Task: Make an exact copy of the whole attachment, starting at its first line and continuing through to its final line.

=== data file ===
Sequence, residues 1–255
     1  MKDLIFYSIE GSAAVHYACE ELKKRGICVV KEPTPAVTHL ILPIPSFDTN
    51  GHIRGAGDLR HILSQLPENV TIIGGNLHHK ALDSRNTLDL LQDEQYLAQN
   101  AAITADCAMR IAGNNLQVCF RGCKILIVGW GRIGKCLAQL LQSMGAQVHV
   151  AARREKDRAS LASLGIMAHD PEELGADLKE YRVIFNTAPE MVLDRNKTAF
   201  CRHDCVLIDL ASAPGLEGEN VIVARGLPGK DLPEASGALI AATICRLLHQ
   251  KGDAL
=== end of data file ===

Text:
Sequence, residues 1–255
     1  MKDLIFYSIE GSAAVHYACE ELKKRGICVV KEPTPAVTHL ILPIPSFDTN
    51  GHIRGAGDLR HILSQLPENV TIIGGNLHHK ALDSRNTLDL LQDEQYLAQN
   101  AAITADCAMR IAGNNLQVCF RGCKILIVGW GRIGKCLAQL LQSMGAQVHV
   151  AARREKDRAS LASLGIMAHD PEELGADLKE YRVIFNTAPE MVLDRNKTAF
   201  CRHDCVLIDL ASAPGLEGEN VIVARGLPGK DLPEASGALI AATICRLLHQ
   251  KGDAL